Education is the widest gap at £38m. Interestingly, this doesn’t include the costs of a new secondary school. The developers of Murrell Green have promised land and a contribution to a 9-form entry secondary school. This would amount to a 1,350 place school. A 150 place expansion of Robert Mays is indicated to cost £7.6m. It is therefore realistic to expect a 9-form entry, 1,350 place school would cost around £68m. Developer contributions from a 1,800 unit settlement might be expected to be £16m or so. This is calculated by assuming 40% of the development will be affordable housing, which does not attract S106 funding. It is assumed the remaining 1,080 open market dwellings would deliver S106 contributions of £15,000 per unit.

It is therefore clear that all of the developer contributions would be consumed by the new school, before any road improvements were made. And the road funding deficit is already £34m.

Hart Infrastructure Funding Gap Extra Care

Hart District Strategic Infrastructure Schemes – Extra Care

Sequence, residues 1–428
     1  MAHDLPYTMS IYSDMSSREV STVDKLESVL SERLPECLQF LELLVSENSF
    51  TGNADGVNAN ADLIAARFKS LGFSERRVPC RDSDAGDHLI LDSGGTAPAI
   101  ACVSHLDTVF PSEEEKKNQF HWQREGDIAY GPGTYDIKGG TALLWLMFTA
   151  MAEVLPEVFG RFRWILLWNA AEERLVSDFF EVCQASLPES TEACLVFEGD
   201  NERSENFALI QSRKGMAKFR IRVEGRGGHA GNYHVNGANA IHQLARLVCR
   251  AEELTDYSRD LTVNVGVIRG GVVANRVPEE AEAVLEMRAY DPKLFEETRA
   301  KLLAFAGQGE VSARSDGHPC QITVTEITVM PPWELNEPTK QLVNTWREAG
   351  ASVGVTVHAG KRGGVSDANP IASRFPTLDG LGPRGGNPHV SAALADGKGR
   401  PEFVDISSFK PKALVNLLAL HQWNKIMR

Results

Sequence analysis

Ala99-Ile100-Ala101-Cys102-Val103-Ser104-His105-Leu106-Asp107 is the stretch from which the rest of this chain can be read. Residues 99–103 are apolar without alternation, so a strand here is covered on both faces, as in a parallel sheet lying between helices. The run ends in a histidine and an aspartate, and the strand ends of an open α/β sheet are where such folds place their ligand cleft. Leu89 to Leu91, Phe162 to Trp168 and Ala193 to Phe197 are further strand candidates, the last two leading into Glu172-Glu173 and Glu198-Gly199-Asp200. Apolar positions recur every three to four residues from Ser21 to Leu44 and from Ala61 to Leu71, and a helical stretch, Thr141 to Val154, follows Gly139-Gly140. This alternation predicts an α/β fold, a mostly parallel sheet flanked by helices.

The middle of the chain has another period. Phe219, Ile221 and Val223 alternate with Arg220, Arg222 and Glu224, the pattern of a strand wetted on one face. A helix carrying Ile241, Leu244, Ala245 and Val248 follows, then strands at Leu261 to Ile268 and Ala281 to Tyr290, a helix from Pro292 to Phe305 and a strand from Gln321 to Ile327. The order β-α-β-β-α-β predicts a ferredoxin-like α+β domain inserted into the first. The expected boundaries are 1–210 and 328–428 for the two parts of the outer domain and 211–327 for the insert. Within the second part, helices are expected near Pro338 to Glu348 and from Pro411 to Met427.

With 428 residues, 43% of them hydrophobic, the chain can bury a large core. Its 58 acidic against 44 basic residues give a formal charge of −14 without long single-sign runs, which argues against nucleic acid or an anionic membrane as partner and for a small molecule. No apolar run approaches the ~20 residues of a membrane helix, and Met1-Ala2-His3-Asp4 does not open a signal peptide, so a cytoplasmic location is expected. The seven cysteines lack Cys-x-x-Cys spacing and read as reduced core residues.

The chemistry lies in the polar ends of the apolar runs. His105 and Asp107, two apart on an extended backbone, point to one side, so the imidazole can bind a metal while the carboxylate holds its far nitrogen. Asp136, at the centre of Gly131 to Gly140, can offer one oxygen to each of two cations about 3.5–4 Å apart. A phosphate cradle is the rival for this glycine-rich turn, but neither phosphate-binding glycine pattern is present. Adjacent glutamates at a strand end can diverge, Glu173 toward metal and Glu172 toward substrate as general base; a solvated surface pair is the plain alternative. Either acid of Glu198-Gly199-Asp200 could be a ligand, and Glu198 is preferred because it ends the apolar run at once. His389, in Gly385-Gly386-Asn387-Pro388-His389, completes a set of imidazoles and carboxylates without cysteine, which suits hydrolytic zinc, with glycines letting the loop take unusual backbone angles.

Hampshire identify the need for 221 more extra care units, but don’t identify the cost or say where the money will come from.

What does this mean for the Local Plan?

Community Campaign Hart are promising an “Infrastructure led Local Plan”. It is now obvious that a new settlement will only make the infrastructure funding gap worse. They are sticking to the ridiculous 10,185 housing target. If they adopted the new Government housing target of 6.132, then the infrastructure funding gap would be reduced. There would be fewer houses, therefore less need for road improvements. Fewer people and so less need for a new school. Indeed the latest figures from Hampshire show there’s no need for a new secondary school.

It is time to call them out on their plans and start asking “Show Me the Money”.


Community Campaign Hart have not learned lessons

Completely Concrete Hart (CCH) Community Campaign Hart have learned no lessons

Community Campaign Hart (CCH) have learned no lessons

Community Campaign (Hart) – CCH hint at keeping a new town in the Local Plan in an opinion piece in this week’s Fleet News and Mail. The full article can be found here. The summary is:

  • Building more houses won’t lead to a reduction in prices.